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By D. Brian Spalding

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His work will therefore be discussed in greater detail. ROTTA [29] derived transport equations for all double velocity correlations and for the length-scale, 25 A two-parameter model of turbulence L, from the Navier-Stokes equations. Rotta's lengthscale is defined as: L = TI ^> quantities and (dU/dy) are uniform across the whole flowfield) at high Reynolds numbers, the transport equation for u'v' reduces to <·> F 2 7 ϊ7=-0 Υϊΐ™. 1) μ 0 where η is the wave number of the turbulence spectrum and F(n) if the spectral distribution of the turbulent kinetic energy.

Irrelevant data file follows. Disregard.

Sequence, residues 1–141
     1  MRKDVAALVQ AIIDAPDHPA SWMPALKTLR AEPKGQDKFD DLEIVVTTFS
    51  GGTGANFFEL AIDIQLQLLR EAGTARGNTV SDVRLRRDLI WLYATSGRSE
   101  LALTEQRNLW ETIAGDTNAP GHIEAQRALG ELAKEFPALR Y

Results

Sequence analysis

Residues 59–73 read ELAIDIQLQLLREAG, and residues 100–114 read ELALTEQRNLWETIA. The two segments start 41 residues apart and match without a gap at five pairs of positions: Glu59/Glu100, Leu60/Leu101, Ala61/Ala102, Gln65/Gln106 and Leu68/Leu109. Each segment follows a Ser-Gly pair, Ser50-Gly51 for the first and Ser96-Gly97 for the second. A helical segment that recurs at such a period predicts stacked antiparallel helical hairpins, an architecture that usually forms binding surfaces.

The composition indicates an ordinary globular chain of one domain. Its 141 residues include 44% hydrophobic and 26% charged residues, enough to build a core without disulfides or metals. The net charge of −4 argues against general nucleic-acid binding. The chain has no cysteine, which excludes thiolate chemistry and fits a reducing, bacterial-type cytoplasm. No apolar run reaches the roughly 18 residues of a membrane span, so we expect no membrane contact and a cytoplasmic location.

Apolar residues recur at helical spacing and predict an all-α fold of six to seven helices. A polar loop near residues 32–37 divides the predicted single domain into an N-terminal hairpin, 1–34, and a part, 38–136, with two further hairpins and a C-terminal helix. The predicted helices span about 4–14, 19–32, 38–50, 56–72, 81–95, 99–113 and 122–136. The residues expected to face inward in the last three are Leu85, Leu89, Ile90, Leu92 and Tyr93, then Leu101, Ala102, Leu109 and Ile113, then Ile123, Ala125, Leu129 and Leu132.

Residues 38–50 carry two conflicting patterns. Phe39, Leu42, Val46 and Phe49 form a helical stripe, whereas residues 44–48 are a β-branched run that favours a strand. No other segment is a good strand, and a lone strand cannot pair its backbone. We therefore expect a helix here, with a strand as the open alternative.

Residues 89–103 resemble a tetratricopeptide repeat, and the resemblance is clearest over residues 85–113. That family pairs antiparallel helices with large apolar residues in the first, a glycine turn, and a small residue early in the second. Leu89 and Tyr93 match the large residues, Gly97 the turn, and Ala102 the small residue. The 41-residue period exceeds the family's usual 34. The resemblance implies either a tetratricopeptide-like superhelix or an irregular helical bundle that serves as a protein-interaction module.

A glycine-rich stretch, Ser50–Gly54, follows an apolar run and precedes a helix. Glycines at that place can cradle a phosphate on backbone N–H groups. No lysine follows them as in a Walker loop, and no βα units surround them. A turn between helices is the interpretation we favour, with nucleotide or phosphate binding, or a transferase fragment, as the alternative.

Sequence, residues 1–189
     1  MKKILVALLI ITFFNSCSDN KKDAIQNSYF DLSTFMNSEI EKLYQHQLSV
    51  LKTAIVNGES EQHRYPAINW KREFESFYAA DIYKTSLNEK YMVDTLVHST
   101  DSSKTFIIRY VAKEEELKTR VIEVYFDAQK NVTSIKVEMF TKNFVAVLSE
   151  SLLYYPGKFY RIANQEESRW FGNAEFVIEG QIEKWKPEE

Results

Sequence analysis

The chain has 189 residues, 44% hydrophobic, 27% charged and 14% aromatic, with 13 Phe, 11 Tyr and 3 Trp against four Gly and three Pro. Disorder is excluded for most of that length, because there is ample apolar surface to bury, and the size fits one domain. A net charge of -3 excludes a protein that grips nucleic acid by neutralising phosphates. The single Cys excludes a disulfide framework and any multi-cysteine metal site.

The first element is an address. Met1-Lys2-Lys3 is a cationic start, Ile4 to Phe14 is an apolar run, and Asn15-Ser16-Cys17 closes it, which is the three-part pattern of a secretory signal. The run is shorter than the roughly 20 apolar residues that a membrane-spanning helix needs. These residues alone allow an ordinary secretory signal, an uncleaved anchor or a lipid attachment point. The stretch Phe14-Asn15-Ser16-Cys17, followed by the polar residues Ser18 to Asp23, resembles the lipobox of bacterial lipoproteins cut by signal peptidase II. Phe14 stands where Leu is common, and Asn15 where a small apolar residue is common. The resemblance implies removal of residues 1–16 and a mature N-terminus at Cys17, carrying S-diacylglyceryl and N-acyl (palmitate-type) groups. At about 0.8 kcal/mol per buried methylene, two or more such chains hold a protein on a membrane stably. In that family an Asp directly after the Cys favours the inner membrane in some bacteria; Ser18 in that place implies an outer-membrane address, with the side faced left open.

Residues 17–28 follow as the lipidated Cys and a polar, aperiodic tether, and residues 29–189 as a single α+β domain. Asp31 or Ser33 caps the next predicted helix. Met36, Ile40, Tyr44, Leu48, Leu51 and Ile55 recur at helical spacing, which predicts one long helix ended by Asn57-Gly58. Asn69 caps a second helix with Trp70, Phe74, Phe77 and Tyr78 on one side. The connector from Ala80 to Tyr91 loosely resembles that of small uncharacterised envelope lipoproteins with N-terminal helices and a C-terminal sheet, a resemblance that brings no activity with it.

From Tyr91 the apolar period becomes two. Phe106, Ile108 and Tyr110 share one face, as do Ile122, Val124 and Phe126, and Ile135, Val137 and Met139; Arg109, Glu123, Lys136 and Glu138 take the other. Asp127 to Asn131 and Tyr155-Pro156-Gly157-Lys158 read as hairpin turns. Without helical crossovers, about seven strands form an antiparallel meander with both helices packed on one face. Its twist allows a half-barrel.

The smoke which pours from the exhausts of heavy trucks is a result, it may be said, of the engineer's desire to maximize the power of the engine, by using up all the oxygen it induces. But this smoke exacts a heavy price, paid by the public at large; it is a matter of time only before legislation forbids smoke production. The engineer therefore has to find means of increasing the power output without generating smoke. This will necessitate a better understanding and control of the combustion process.

So far, the model has been succesfully applied only to the free jets described above, and, by N G and SPALDING [23], to simple boundary-layer flows near walls; thus no claim of wider universality can be made. However, the results achieved, which show a realistic behaviour even in such details as the energy balance terms and the length scale, suggest that this model is -close to the truth. Rept. LA-4086 (1969). 15. : Hot-Wire Measurements in a Plane Turbulent J e t . J . of Appl. , Dec. 1965 (1965) p .

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